More PCAP Analysis Practice

It’s time to tackle another PCAP analysis exercise from Brad Duncan. I’ve only done a couple of these (I posted one of my write ups here), and would like to put myself in a more technical DFIR analyst mindset—completing more of these exercises seems like a great way to do that.

I previously attempted some of Duncan’s more complex exercises (such as this one) and found myself stumped. So, my plan is to get some more practice on the basic exercises before attempting the more advanced analyses.

The following write-up is based on the 2014-12-08 Traffic Analysis Exercise. Rather than answer each practice question one by one as I did in my first write-up, I’ve attempted to write something that resembles a real-world report and also addresses as many of the questions as possible.

Lastly, I did not check my answers before making this post – I thought it would be a little more fun that way. After I have a chance to review the answers, I may update this post (especially if my errors were egregious!)

So here we go!

Incident Summary

On December 8, 2014 at 18:18 UTC, a user browsed to the legitimate, but compromised website ( Upon visiting the site, the user was silently redirected to ( and then to ( which served as a landing page for an unknown exploit kit (EK). The EK served malicious code targeting vulnerabilities in Adobe Flash, Oracle Java, and Microsoft Silverlight, and delivered an unknown malware payload to the user. The malware made HTTP GET requests using what is possibly a unique User Agent: Mozilla/4.0 (Windows 7 6.1) Java/1.6.0_25.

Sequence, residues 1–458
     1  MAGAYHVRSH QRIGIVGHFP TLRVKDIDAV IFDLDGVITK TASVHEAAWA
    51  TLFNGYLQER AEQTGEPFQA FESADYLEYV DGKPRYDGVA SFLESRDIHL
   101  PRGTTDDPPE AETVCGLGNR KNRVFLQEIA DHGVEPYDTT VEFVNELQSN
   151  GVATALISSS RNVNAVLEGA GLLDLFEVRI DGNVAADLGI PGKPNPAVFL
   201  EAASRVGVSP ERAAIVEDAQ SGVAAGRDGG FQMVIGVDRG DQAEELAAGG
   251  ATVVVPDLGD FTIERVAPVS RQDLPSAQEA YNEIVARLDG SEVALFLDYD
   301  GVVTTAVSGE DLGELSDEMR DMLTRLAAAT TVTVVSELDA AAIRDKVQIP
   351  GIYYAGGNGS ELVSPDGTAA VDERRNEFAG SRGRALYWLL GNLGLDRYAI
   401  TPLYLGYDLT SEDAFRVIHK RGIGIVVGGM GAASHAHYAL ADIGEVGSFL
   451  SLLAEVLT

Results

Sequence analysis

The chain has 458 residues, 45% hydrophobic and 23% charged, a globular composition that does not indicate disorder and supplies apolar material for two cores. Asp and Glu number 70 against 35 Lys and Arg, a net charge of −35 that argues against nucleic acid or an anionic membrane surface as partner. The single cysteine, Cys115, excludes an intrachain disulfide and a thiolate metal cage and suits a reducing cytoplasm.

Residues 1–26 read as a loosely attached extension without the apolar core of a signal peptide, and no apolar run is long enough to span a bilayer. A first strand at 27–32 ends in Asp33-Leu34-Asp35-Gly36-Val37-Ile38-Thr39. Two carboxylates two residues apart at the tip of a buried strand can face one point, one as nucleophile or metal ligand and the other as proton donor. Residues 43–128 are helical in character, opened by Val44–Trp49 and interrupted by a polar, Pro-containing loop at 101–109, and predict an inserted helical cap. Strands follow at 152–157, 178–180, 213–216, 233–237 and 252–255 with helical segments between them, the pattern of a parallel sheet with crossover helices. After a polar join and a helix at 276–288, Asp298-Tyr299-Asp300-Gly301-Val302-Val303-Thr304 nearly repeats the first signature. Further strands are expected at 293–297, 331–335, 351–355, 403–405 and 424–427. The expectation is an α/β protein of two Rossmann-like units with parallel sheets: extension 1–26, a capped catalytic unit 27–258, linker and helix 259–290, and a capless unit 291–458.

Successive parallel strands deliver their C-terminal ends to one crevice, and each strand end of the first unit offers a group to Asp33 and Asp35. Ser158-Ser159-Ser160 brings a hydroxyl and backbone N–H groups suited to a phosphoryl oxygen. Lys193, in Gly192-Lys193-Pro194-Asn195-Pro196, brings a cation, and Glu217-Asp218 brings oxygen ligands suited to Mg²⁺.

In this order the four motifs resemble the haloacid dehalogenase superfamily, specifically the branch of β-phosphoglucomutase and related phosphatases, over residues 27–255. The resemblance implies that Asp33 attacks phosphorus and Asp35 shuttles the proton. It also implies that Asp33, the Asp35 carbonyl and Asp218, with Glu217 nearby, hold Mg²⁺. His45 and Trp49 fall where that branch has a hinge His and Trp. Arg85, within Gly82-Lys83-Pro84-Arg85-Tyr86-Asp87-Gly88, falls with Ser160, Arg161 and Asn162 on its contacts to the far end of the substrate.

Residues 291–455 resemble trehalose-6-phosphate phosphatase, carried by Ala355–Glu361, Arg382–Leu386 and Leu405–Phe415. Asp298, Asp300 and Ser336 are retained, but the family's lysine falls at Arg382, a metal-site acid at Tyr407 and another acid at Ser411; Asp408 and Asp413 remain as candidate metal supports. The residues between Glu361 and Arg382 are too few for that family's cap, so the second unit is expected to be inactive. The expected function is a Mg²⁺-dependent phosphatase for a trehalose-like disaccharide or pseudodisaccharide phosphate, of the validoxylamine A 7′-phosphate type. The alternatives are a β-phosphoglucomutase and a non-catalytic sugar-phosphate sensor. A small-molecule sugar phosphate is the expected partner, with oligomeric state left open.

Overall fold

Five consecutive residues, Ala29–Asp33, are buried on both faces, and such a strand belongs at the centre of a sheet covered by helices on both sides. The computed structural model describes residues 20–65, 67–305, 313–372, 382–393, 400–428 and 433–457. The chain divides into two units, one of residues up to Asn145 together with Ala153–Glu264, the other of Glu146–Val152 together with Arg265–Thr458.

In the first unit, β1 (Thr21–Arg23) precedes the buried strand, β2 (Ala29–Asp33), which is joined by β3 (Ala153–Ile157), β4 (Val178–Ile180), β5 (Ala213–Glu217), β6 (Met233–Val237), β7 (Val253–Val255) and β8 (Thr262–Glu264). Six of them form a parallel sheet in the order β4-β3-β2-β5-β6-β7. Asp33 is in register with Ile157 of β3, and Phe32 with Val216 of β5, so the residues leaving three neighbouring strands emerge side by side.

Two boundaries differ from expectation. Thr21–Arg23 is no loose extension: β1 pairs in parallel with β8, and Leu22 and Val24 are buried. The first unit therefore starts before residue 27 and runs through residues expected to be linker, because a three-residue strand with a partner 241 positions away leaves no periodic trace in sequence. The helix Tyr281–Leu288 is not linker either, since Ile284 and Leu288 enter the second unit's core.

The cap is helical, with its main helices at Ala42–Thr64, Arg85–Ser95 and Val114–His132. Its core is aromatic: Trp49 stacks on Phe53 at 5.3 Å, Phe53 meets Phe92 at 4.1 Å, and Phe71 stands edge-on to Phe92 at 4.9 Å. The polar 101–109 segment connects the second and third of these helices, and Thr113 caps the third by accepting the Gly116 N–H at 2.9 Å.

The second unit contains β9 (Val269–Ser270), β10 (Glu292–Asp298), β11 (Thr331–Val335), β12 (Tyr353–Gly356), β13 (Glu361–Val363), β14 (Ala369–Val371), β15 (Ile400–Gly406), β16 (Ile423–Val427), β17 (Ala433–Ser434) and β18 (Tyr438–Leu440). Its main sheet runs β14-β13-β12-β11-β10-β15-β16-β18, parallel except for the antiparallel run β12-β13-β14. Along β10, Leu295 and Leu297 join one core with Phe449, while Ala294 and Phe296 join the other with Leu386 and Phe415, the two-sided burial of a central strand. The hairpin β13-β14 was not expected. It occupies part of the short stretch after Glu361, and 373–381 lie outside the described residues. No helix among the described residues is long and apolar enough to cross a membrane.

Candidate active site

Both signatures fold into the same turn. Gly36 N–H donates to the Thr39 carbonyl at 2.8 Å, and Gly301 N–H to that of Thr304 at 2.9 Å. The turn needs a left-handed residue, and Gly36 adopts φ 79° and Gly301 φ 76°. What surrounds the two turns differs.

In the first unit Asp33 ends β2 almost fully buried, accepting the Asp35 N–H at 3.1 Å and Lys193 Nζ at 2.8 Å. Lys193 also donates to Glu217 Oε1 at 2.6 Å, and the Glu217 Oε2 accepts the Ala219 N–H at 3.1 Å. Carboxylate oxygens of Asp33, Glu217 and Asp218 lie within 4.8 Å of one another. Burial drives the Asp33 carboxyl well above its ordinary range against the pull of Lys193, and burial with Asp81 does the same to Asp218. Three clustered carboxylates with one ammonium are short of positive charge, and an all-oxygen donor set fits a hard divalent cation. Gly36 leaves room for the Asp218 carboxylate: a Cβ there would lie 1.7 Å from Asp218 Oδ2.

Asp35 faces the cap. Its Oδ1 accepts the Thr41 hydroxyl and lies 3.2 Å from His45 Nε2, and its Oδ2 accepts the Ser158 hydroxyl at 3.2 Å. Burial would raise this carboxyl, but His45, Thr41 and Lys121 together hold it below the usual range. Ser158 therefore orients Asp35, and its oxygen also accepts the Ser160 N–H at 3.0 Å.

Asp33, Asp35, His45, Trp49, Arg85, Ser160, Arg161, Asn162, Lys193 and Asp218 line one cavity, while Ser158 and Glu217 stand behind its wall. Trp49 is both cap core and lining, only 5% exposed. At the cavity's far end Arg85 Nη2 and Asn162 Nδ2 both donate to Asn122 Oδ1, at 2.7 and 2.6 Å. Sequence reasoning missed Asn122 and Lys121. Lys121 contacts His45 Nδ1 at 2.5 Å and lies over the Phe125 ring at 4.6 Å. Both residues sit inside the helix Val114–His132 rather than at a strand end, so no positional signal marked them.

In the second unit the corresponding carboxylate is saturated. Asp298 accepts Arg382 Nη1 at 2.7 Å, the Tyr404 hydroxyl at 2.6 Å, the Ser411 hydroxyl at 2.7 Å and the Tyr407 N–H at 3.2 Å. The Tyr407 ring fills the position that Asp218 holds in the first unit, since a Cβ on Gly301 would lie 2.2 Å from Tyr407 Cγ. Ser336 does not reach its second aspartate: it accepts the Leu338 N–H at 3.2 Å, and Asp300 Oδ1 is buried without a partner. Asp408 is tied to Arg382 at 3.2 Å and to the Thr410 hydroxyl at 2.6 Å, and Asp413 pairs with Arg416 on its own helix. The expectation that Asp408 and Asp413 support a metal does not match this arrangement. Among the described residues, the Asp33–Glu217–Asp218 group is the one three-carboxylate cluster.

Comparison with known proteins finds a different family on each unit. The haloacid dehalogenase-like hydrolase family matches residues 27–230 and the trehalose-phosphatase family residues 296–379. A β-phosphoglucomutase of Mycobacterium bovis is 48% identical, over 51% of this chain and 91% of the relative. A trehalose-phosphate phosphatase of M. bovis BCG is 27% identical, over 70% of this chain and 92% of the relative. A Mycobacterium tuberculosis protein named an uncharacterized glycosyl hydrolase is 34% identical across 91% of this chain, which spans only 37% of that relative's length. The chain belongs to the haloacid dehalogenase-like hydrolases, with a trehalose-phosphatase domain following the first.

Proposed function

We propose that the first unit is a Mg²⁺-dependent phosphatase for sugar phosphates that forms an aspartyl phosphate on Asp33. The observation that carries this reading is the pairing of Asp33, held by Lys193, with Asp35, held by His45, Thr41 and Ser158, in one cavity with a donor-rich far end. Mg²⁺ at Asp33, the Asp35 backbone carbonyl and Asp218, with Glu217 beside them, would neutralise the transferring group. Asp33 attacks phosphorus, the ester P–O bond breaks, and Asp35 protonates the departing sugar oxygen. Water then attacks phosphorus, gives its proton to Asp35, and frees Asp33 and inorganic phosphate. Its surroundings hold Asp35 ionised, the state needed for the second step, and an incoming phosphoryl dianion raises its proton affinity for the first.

Incident & Infection Chain Details

A user browsed to the website ( using an Internet Explorer 8.0 web browser on December 8, 2014 at 18:18 UTC. Additional user details are as follows:

  • User source IP address:
  • User MAC address: 00:0c:29:9d:b8:6d
  • User hostname: Vmware_9d:b8:6d

The legitimate website contained malicious embedded javascript that redirected the user to the following URL at (

Below is a screen shot of the the code that was embedded on Screen Shot 2016-02-14 at 10.22.14 AMThe embedded code also triggered a second silent redirect from ( to a URL at (, which served as the landing page for an unknown exploit kit.

Below is a screenshot of the HTML code found on the EK landing page. Some of the unobfuscated plain text on the page comes from Dante’s Inferno although we have made no determination as to whether or not this detail is significant.

Screen Shot 2016-02-28 at 7.14.58 PM

The EK delivered exploits for vulnerabilities in Adobe Flash, Oracle Java, and Microsoft Silverlight. The exploits used the following filenames:

  • hyepksam259.swf (Adobe Flash)
  • syvwkahx581.jar (Oracle Java)
  • dszohrfb90.xap (Microsoft Silverlight)

An unknown malware payload was then sent to the user’s machine. The malware generated numerous HTTP GET requests to ( with the User Agent Mozilla/4.0 (Windows 7 6.1) Java/1.6.0_25. It is possible that this User Agent is unique and specific to the malware.

Screen Shot 2016-02-28 at 8.47.15 PM